No. 88: Luohan Temple, Chongqing

(This article was published in the Shenzhen Daily on February 17, 2014.)

Two of the 500 arhats (五百罗汉) after which Luohan (Arhat) Temple
(罗汉寺) in Chongqing (重庆) was named. They are all exquisite.
June 14, 2012 - In June of 2012 I found myself in the central Chinese city of Chongqing, formerly known as Chungking. This hilly metropolis is located on a peninsula where the Jialing River coming down from Gansu meets the Yangtze on its way from the glaciers of the Qinghai-Tibet Plateau all the way across China to Shanghai on the East China Sea.

A notable trait of Chongqing is its lack of bicycles. Located as it is on a series of hills, the terrain would make pedaling impossible.

An ancient and fascinating temple lies in the heart of this densely-populated area. Luohan Temple is said to be about a thousand years old, dating back to the Song Dynasty. Presumably the peninsula was a little roomier back then, and probably difficult to reach from across the rivers.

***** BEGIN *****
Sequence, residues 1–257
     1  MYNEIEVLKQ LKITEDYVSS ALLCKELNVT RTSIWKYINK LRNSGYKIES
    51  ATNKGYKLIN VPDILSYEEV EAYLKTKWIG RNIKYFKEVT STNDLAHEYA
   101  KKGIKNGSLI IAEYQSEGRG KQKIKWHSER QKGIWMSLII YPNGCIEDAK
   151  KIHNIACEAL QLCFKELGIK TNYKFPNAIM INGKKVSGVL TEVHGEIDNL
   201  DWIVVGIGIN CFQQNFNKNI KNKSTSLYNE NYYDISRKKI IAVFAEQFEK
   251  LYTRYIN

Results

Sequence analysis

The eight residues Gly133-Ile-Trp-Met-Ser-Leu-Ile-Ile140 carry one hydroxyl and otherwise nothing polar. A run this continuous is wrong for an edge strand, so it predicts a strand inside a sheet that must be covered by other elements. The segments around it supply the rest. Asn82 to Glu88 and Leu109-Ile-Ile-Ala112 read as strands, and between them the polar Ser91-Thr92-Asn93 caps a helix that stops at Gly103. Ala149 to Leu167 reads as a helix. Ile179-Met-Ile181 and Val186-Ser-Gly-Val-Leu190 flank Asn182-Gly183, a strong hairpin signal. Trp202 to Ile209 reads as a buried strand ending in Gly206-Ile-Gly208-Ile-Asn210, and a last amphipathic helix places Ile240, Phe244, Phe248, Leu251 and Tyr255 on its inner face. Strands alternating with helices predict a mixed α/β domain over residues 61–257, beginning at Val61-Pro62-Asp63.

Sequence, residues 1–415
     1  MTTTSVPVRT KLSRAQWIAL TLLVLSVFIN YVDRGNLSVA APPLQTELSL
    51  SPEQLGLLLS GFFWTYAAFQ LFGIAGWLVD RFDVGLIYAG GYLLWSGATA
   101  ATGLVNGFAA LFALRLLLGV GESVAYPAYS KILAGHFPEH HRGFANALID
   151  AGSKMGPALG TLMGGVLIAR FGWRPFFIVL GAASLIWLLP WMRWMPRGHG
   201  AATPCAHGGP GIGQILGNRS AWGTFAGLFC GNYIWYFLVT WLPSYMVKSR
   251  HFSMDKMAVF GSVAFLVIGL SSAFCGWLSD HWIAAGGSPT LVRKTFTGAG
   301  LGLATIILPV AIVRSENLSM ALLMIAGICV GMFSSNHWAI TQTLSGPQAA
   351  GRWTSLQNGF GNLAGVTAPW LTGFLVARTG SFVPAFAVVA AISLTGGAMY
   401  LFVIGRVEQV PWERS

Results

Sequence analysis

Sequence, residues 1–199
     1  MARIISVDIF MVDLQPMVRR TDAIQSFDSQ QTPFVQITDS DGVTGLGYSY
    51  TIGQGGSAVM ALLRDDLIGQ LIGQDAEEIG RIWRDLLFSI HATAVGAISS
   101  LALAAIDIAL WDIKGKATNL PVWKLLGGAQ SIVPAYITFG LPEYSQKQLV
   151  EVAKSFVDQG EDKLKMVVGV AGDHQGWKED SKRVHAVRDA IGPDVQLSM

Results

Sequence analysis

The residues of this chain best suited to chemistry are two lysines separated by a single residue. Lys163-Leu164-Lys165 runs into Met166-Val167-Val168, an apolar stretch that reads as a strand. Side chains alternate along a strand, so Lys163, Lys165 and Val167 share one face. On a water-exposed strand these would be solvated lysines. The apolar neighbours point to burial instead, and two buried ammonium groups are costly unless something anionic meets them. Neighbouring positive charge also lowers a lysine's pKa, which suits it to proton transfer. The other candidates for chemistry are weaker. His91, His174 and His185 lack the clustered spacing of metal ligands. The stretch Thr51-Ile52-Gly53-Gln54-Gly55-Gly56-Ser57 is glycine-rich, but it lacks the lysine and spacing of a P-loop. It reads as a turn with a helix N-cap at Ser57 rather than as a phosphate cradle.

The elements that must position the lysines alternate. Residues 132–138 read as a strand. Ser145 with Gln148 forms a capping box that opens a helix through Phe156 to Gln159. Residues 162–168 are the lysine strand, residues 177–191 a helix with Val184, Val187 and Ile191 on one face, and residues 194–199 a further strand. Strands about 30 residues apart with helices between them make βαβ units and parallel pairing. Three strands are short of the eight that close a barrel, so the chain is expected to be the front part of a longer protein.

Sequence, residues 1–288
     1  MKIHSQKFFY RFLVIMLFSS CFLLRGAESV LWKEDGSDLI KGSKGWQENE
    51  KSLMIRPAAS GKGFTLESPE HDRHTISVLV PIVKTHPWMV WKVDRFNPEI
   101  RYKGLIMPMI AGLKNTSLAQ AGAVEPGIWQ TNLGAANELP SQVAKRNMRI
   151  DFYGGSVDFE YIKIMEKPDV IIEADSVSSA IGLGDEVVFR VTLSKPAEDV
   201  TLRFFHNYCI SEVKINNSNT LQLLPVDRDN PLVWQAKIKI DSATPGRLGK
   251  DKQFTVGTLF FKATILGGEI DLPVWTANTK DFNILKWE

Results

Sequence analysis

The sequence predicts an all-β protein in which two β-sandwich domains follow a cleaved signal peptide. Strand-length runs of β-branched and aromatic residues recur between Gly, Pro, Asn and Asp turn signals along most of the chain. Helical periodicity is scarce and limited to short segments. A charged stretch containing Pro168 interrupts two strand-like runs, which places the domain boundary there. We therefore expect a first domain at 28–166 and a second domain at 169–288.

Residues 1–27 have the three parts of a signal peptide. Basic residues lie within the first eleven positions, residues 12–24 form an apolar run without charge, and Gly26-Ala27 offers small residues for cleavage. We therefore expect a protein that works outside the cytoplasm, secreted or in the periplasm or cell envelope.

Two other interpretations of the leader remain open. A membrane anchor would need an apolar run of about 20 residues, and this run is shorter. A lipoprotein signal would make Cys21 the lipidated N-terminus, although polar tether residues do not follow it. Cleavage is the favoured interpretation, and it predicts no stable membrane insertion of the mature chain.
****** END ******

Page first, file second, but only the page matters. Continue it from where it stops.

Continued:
A "luohan" is an arahant (Sanskrit) or arhat (Pali), one of the enlightened disciples of the Buddha. In fact, the Chinese "a luo han" was an early transliteration of "arahant." As can be expected, this temple has a fine, recently-refurbished set of the 500 arhats. (The hall was closed for repairs when I visited in 2007.)

Another outstanding feature of this temple is a set of fake "grottoes," carved rocks lining the entryway between the Heavenly Kings' Hall and the vegetarian restaurant on the grounds.

At the farthest reaches of the temple is a beautiful "black lacquered hall" with a quiet courtyard behind. The basement of the hall is also peaceful, and filled with gorgeous statues. The whole place is a real treat in this busy urban environment.

GPS Info:
  • 29.56000, 106.58182



More pictures can be found here.

A set of ancient imitation grottoes line the entryway to Luohan Temple in Chongqing.
The main hall is in the "black lacquered" style.
A quiet courtyard lies behind the black lacquered hall.
Some of the 500 arhats or "luohan" which lend their name to the temple. (detail in postcard above)

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